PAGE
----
Complacency Kills

Complacency Kills

Dawn Meade, CTS

The past year has been a great upheaval for me, personally. But as I went through the experience, I discovered an insidious malaise that infected my career. Where I thought I had found myself in a stable niche, it turned out that I had become complacent and settled into a rut. The rut was steady, true, but came at a cost—my own professional development and advancement. When the storms of upheaval came, I was shaken adrift from a place of comfort, forced to confront my own complacency, and spurred to action to improve matters. Now, nearly a year later, I’ve reevaluated my role within the industry and my own capabilities and found a position in a large corporation in a far more technical and challenging role than I’ve ever held… and I couldn’t be happier. For the first time in years, I am truly challenged by my work, with real responsibilities and interesting projects that put my AV skills to the test, but with resources to back me. I love it.

You may be reading this and thinking, “Good for you, Dawn, but what does that have to do with my company?”

Well, I’ll tell you. I’m not the only person in our industry that has fallen into the complacency trap, not by a long shot. In fact, I’d say our entire industry has suffered from this problem to some degree over the past few decades and the chickens have come home to roost. We see it all around us—small integrators closing, larger ones losing ground to newcomers in the field from other industries like IT, security, telephony, and so on. We’ve grown fat and comfortable and settled in our day-to-day routine, without questioning our processes and procedures, or our own biases about particular products, or brands, or technologies. We settle. We dig into what is comfortable and avoid what makes us nervous or uncertain. And we get left in the dust due to our inability or unwillingness to change.

Rear Admiral Grace Hopper once said, “The most dangerous phrase in the language is, ‘We’ve always done it this way.’” She was not only a naval officer, but she is considered one of the founders of computer programming, and a hero to women in STEM. And she was exactly right. Those seven words—but we’ve always done it this way—have been the death knell for many businesses and organizations. Not merely in AV or the broader field of technology in general, but, across all fields, sectors, and verticals. Those words have stifled innovation, hampered progress, and mired workers deep in their comfortable ruts as competitors and new technologies passed them by.

(Image: © ISTOCK/THINKSTOCK)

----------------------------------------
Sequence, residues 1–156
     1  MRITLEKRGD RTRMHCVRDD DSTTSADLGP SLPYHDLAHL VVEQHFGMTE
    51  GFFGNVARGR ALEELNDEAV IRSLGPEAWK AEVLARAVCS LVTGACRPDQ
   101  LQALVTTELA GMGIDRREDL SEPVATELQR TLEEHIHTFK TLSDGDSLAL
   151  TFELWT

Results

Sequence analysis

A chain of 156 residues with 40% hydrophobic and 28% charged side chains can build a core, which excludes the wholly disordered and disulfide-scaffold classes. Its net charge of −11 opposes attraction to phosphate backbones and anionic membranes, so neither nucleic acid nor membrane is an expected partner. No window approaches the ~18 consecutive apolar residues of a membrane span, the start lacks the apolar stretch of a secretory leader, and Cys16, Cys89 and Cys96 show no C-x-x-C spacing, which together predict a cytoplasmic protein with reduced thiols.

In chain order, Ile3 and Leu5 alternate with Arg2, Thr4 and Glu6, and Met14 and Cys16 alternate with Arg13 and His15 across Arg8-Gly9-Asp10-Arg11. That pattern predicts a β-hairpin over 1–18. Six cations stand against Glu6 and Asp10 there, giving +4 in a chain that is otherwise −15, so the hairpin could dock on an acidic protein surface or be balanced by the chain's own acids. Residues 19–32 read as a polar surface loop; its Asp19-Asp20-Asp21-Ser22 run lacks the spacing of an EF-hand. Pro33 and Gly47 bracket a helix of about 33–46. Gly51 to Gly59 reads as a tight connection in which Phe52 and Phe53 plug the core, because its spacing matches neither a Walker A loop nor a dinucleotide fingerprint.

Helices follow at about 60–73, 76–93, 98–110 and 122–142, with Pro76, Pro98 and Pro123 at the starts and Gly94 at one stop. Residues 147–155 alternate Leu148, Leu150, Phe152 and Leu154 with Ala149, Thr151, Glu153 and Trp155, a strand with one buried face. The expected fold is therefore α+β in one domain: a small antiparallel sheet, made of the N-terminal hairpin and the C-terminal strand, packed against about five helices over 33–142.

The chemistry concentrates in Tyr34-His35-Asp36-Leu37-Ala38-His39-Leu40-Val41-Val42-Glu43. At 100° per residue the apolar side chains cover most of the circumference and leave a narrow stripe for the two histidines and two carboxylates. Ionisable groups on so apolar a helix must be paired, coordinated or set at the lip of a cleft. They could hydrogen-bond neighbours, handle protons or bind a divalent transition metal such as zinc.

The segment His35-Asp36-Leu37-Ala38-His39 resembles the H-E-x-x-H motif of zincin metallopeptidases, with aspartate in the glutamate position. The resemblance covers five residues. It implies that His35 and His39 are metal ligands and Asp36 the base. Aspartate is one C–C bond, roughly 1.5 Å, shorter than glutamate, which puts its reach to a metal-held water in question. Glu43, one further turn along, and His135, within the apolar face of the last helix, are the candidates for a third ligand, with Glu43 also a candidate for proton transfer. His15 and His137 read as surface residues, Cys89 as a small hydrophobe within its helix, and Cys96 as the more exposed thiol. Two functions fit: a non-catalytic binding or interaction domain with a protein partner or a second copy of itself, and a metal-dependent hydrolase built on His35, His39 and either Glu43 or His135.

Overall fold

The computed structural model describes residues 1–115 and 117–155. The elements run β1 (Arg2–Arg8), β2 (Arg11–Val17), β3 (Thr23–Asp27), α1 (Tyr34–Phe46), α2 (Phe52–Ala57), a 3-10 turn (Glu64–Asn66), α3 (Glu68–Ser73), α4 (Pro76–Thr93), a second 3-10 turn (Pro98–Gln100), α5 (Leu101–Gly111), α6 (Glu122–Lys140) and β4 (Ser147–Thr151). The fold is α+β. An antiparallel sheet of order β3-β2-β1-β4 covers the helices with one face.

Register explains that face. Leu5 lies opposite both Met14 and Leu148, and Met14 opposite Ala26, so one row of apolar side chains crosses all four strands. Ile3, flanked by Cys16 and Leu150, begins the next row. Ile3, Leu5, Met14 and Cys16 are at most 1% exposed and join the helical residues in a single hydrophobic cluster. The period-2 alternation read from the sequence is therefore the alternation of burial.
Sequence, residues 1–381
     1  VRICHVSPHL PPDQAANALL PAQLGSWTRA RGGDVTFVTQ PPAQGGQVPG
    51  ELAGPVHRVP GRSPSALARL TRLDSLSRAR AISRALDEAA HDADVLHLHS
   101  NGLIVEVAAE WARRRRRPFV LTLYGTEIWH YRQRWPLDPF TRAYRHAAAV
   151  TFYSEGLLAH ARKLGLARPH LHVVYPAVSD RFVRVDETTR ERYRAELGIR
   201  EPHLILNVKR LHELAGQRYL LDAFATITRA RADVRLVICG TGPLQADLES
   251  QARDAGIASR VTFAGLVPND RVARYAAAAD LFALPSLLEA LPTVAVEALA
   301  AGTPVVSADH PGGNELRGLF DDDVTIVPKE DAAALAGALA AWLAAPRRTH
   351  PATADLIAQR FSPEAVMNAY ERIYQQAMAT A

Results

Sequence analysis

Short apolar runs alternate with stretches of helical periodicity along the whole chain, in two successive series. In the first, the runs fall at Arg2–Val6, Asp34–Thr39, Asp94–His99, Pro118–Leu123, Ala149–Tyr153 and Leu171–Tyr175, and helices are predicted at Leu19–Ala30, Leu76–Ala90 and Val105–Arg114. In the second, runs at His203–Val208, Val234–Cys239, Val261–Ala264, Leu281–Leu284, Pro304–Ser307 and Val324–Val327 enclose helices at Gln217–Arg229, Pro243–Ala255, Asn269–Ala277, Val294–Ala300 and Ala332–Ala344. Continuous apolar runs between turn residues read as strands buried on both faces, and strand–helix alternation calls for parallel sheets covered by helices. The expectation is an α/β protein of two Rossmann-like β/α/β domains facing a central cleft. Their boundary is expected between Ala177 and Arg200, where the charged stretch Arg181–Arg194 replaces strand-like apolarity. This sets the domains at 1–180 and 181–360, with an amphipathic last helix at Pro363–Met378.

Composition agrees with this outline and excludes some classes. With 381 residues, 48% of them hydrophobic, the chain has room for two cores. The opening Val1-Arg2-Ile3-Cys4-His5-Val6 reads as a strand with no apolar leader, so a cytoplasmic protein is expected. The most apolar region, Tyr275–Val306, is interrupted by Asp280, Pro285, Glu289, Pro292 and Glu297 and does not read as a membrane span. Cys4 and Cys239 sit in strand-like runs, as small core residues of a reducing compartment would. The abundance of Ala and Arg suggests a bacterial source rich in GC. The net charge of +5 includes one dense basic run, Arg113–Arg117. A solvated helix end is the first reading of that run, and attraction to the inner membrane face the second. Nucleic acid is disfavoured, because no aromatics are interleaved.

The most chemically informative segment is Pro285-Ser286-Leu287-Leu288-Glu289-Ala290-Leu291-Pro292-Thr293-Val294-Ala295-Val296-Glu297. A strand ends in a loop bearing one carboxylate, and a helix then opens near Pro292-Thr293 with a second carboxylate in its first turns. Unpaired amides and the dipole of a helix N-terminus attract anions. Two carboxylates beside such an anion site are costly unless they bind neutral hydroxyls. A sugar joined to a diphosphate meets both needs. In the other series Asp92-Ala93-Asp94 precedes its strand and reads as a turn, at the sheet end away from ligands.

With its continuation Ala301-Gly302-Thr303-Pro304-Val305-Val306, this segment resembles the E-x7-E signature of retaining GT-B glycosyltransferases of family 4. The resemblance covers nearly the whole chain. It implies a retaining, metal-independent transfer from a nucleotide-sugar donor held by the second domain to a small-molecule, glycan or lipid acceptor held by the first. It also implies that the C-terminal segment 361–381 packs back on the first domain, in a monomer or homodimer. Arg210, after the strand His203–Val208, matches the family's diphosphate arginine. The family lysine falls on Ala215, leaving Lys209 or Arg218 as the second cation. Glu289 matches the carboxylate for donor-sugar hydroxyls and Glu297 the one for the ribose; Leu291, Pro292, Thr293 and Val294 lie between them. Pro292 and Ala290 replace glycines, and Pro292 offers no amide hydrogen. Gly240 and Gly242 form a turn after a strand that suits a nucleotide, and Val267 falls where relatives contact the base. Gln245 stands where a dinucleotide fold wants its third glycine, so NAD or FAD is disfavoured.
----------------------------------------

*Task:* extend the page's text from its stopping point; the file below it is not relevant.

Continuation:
As an industry, we need to fight this complacency, and many of us are trying. There are some integrators who are making the necessary changes to adapt to the new paradigms we face in an IT-centric, services-driven AV environment. They know that, like sharks, we must keep swimming, or we sink and die. Kudos to you, dear reader, if you work for one of those companies! If you don’t, look around and take careful notes of those who do. Try to emulate them in your own company…or be ready to send those companies resumes as your own company struggles and folds. Sure, it is risky to embrace change and reject your comfortable rut, but as Nobel laureate Andre Gide wrote, “Man cannot discover new oceans unless he has the courage to lose sight of the shore.”

Every company has a comfortable rut, even those who are more progressive and adaptable, are full of individual workers who may think they’ve just found their stable niche but, in reality, have gotten mired in the complacent muck. Trust me, it can be hard to tell the difference sometimes, but it matters. Don’t settle.

Tell me, do you have any professional certifications? Are they current? If you have not, the very first step you should take is to get one. It doesn’t have to be a CTS or CTS-D/-I from AVIXA (though they are wonderful and comprehensive AV industry certifications). What about networking certifications? BICSI wiring certifications? Electrical licensure? A PMP or management certificate like Lean or Six Sigma? Getting and maintaining a certification is about more than just adding an alphabet soup after your name on your business cards and bragging. It is an investment in your education, skills, and growth in your career that can pay off dividends even before taking and passing the exam.

I took classes in graduate school and seminars at tradeshows or vendor shows that provided me with new skills that I applied in my work the very next day. Taking these classes provides you with a stronger, steadier base on which you build your professional reputation; they show a degree of competence and are a mark of being invested in your career. After all, they aren’t mandatory in our AV world like they are in some other fields. Instead, they show that you care enough to put in the effort to seek out new knowledge, enhanced skills, and new ideas. They show that you aren’t complacent, but instead, chasing continual improvement and success.

Complacency is a killer—for individuals and for companies. It keeps you stuck in time, in your rut, spinning your wheels and never progressing to the next phase. And, too often, this mindless grind of “how we’ve always done it” can wear on our happiness and our passion for what we do.

Steve Jobs said, “Your work is going to fill a large part of your life, and the only way to be truly satisfied is to do what you believe is great work. And the only way to do great work is to love what you do. If you haven’t found it yet, keep looking. Don’t settle. As with all matters of the heart, you’ll know when you find it.” His words apply to us all. Don’t settle. Don’t be satisfied with what you currently know, or how you’ve always done thing. Don’t be so risk-averse that you fail to grow and evolve as the world we live and work in rushes past where we sit, stuck in our ruts. Fight complacency, and you’ll be amazed at what can happen.